Group Title: Historic St. Augustine: B7-L12 Silversmith
Title: Sims Silver shop
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Full Citation
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Permanent Link: http://ufdc.ufl.edu/UF00091339/00005
 Material Information
Title: Sims Silver shop
Series Title: Historic St. Augustine: B7-L12 Silversmith
Physical Description: Report
Language: English
 Subjects
Subject: Saint Augustine (Fla.)
12 Charlotte Street (Saint Augustine, Fla.)
Sims Silversmith Shop (Saint Augustine, Fla.)
Spatial Coverage: North America -- United States of America -- Florida -- Saint Johns -- Saint Augustine -- 12 Charlotte Street
Coordinates: 29.896045 x -81.312121
 Record Information
Bibliographic ID: UF00091339
Volume ID: VID00005
Source Institution: University of Florida
Holding Location: University of Florida
Rights Management: All rights reserved by the source institution.
Resource Identifier: B7-L12

Full Text








SIMS SILVER SHOP


This is a frame house-shop combination typical of the kind built by
English refugees from the American Revolution in the 1780's. A silver-
smith named William Sims from Charleston operated such a shop in St.
Augustine during the British era, migrating from South Carolina with all
his tools and possessions. The exact location of his establishment is
unknown; this building only reproduces the edifice.

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Sims was a bachelor, whose meals were prepared and laundry done
by a Negro slave woman who lived and worked in the small matching shed
to the west. He utilized the center area as a living room, show-room, and
reception room. The gateleg table is a late 18th century antique. So is the
pitcher. Against the east wall is a 19th century copy of a Chippendale chair.

The small display case contains an assortment of antique sterling silver
spoons from various periods between 1750 and 1800, plus a heavy pewter
one from the early 1700's. The northeast wall case contains on its upper
shelf a pair of Georgian pewter candlesticks, an 1800-model candle-wick
trimmer (sometimes wrongly called a "snuffer") and tray of silver plate, a
cutwork sterling silver basket dated 1785 by its hallmarks, and a plated-
silver ladle; the lower shelf displays a modern reproduction of a 1790-model
English tureen or serving-dish, a mid-19th century sterling silver copy of a
1760 "pipkin", (used for pouring hot water or milk into a cup or pot), a
typical 1785-model English pewter "tea-caddy" with bone-handled lid and a
lock and key (to keep servants from removing tea in the owner's absence),
and a modern reproduction of a 1760 English pewter pitcher.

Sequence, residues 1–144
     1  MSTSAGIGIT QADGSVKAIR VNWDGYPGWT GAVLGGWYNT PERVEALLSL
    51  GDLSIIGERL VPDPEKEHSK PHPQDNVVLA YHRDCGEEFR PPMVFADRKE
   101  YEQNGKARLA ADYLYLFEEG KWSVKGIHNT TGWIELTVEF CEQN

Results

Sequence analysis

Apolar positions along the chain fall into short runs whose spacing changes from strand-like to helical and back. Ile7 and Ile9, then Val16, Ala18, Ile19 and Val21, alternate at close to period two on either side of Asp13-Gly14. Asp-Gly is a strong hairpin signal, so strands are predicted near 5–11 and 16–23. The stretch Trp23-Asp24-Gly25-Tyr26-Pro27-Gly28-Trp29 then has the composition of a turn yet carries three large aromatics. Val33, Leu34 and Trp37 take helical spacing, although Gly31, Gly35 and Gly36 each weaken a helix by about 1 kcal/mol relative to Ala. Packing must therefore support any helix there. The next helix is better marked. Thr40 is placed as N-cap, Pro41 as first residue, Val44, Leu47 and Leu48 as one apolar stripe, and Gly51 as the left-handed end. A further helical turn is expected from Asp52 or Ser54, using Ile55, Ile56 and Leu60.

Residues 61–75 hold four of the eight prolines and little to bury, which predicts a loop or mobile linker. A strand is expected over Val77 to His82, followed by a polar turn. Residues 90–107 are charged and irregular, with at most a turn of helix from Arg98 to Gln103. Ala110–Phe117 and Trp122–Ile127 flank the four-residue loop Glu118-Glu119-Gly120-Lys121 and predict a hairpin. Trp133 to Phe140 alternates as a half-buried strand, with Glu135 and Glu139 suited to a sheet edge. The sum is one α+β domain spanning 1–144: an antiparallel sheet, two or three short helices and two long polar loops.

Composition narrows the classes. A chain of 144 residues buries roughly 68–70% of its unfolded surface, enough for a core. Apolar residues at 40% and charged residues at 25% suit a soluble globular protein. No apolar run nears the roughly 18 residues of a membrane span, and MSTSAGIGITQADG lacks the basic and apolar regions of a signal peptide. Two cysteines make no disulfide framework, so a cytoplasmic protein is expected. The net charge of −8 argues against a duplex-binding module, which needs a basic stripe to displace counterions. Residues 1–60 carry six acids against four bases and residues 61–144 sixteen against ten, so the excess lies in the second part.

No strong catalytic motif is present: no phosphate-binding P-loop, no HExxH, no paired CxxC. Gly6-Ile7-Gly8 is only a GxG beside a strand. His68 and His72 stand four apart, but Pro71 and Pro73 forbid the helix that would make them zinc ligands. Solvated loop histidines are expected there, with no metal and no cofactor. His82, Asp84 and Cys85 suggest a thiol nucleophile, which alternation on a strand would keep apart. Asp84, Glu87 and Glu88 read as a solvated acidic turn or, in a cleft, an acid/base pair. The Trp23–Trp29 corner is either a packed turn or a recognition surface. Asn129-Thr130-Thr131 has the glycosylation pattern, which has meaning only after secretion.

The double case in the southeast corner contains on its upper shelf an
early 19th century silver-plated desk set with two inkwells and a center holder
for a sealing-wax candle, a pewter double-lens fish-oil reading lamp recorded
from 1790, and a 1780 antique cylindrical pewter one-pint measure; below on
the lower shelf stands a pair of antique silver "baluster" style candle-sticks
(so called because they are shaped like balusters on stairways in classical
Georgian architecture), a brass ladle, and a late 18th century pewter pitcher
with hinged lid and bearing an English hallmark on its bottom. Hanging on
the exterior of the showcase is an antique copper cooking pan.


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The western half of the large room served as the silversmith's shop.
The dozens of assorted iron tools such as the miniature vise-anvils and
hammers are antiques of the period. So is the accountant's desk, on top
of which sets an even older silver-plated coffee pot with walnut handle and
bone rosette lid-knob. Likewise of early 19th century manufacture are the
keys and the brass scales on the wall.

Other featured items of furnishing are modern reproductions made in
our shop: the wire-reducer with its thick belt, massive handles, and set
of dies for shaping silver wire as well as reducing its diameter; the work-
bench against the north wall, with spaces for three apprentices to work, the
huge bellows beside the fireplace where casting is done; the reed chairs, of
a type probably made locally in the 18th century. On the railing between
workshop and reception area is a small display rack for exhibiting different
styles of spoons available to the customer.



The north wing of the building was used by Mr. Sims as a bedroom and
dressing room. Antiques of the period are: the dresser, with its wig stand
and jewel box; the large "blanket chest", used principally to store clothing
in an era without closets; the Turkish rug on the floor; and the candle-holder
on the table.

Early 19th century pieces are: the wash-stand with mirror, pitcher,
and bowl; the table in "Chinese Chippendale" style; and the Hepplewhite lyre-back
armchair.

Modern reproductions of period items are the bed, the reed chairs, the
table items, and the two wall decorations (soldier print and map of Florida).


Rev. 1.7D




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